24 Nov

Why Do We Want Black & White Answers When The World Is So Grey?

I made a perfectly awful quilt today.

After a mere week on my son’s bed, the beautiful quilt inspired by his awesome racetrack drawing told me that it just wasn’t going to stand up to bi-weekly washings. I knew that going in, but I had my fingers crossed that the quilt would somehow be immune to the ravages of washing, and that my son’s bed wetting would miraculously end (not sure where I got that idea since he’s always been very consistent in that department).

My answer was to stuff an old duvet cover with batting and stitch it together. Stuffing is not nearly as easy to smooth as layering like in a traditional quilt sandwich. I followed the stripes on one side, but didn’t bother to make sure they lined up on the back side. The edges are all wobbly. My loop quilting in the wide stripes has very inconsistent stitching, and I closed the whole thing by folding over the open end and top-stitching. Nope, it’s not a beautiful quilt. But I won’t care when it’s faded and thin after many, many washings.

Which leads me to washing. I’ve determined that the eco-conscious people who promote washing laundry in cold water only definitely do not have bed wetters in their homes. Nor do they have kids still mastering the art of butt wiping or husbands who take long runs and sweat profusely. Sometimes, hot water is just the best way to get the job done. I’ve found that this is especially so when one uses the phosphate-free, all natural laundry soaps. They say they are formulated for cold water, but my nose tells me that I can either wash in cold water with lots of chemicals, OR wash in hot water and have gentler runoff; but cold water and natural soap — still smells like urine.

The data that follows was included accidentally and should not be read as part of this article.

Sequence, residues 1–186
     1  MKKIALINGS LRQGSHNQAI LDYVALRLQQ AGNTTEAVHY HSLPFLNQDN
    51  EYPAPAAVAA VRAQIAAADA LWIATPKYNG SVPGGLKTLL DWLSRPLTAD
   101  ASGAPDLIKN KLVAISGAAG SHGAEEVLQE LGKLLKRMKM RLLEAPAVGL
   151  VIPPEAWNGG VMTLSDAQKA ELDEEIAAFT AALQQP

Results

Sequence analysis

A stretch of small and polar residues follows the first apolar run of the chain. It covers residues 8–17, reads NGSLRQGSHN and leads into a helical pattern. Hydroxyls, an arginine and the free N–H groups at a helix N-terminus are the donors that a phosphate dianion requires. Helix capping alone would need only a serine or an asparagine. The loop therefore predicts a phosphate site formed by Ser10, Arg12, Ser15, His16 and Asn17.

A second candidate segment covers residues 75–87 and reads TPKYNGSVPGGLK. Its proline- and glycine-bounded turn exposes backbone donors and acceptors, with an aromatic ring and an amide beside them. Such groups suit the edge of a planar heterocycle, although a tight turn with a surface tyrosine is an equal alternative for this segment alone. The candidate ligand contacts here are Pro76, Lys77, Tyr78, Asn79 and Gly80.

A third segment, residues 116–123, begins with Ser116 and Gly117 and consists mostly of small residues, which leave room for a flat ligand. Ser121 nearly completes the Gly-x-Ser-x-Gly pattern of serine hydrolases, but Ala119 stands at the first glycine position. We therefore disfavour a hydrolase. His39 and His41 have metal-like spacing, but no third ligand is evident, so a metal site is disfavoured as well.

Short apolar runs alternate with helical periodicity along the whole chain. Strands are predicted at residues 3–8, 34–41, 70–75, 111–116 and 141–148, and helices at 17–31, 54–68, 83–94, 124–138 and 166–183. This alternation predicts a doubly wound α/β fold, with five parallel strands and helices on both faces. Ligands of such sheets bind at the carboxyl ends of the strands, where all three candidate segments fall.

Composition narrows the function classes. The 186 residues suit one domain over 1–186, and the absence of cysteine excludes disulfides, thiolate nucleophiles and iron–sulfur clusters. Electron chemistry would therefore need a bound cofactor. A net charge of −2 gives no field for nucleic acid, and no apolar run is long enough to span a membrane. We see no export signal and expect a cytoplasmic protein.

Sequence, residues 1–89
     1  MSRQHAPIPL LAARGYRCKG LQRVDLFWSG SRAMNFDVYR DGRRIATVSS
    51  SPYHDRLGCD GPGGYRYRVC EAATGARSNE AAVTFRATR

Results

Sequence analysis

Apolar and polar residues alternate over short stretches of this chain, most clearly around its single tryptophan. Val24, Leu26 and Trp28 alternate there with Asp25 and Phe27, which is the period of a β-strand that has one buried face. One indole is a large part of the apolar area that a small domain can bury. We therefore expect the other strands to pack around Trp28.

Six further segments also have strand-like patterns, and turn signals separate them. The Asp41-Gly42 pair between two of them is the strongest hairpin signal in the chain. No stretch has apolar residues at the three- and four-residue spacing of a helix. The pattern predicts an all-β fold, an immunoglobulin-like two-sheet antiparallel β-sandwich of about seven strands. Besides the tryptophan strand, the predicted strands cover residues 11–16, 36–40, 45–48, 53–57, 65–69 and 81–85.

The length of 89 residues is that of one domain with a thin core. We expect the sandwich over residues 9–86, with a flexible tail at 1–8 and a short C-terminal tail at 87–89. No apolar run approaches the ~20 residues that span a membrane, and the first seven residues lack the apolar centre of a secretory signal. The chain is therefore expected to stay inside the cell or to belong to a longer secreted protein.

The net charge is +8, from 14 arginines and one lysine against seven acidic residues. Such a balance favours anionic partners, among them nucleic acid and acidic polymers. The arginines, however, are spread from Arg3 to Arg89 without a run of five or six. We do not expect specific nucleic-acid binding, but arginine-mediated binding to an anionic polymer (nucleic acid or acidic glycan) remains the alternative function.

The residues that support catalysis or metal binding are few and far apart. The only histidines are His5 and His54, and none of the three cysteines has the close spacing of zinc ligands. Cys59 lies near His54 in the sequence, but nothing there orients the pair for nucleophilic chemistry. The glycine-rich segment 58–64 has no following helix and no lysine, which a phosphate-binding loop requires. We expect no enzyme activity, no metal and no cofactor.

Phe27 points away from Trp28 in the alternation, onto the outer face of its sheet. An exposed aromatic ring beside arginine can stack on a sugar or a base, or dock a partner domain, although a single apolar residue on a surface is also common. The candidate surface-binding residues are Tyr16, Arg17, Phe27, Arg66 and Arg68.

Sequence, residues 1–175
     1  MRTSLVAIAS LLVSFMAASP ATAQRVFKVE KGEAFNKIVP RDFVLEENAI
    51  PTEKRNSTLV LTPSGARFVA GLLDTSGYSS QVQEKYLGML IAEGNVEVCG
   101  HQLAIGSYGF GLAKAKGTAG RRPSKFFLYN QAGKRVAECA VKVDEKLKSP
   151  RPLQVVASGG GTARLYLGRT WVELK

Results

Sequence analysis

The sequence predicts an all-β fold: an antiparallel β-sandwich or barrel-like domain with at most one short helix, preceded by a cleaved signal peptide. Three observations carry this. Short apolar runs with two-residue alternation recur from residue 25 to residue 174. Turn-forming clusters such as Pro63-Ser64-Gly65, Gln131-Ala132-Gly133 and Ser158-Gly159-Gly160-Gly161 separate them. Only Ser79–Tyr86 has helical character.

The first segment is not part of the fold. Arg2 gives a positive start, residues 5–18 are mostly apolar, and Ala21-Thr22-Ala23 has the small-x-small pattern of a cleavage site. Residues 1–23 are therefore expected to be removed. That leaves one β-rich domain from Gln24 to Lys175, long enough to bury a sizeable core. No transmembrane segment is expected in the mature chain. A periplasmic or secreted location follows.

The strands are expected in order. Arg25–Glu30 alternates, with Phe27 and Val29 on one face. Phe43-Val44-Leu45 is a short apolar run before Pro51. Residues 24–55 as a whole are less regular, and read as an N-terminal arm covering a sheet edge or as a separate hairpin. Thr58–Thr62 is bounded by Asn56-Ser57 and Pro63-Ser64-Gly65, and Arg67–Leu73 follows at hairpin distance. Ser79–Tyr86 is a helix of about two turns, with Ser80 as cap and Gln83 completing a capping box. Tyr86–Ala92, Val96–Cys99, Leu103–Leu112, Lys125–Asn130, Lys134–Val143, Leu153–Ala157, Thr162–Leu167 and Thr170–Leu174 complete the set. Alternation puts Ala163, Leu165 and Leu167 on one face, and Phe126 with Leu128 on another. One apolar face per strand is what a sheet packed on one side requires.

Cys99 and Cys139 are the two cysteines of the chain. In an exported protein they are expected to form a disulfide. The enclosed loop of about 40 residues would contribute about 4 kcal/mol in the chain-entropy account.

I like fluffy towels too. My plan: two or three loads of laundry, but only one load in the dryer. Towels, jeans, socks and undies go in the dryer, everything else goes on the line. unless it’s raining — then everything goes in the¬†dryer.

Back to the quilt. I tried a new batting made of 100% PLA fibers. It says it’s eco-friendly. I don’t doubt that this corn-based fiber is friendlier than polyester, but I’m not sure how it compares to cotton. As a big time cotton batt user, I’m thinking that I might be better staying with that, because (as underlined by my copious research a few posts back), if we are eating corn, and eating animals that eat corn, and are putting corn-derived fuel in our cars, do we want to be making quilts with corn too? With a potential need for so much corn, will there be room on the earth to grow anything else? At least if I use a cotton batt, maybe some of those corn crops would get rotated to cotton every once in a while (don’t tell me how it really works, I know it’s not as simple as this). Anyway: the PLA. It feels a little scratchy and more like a poly batt than a cotton one, but it’s light and fluffy and potentially a perfect weight for our mild climate. It was hard to tell how it handled since my quilt making was so bass-ackwards on this project, but it wasn’t awful. The price was good too. I’m curious as to how well it washes. I’m also sure it won’t be long before I find out. In addition, I bought a batt that is 50% PLA and 50% cotton just for comparison. I’ll use that on the quilt for my daughter that still resides only in my head.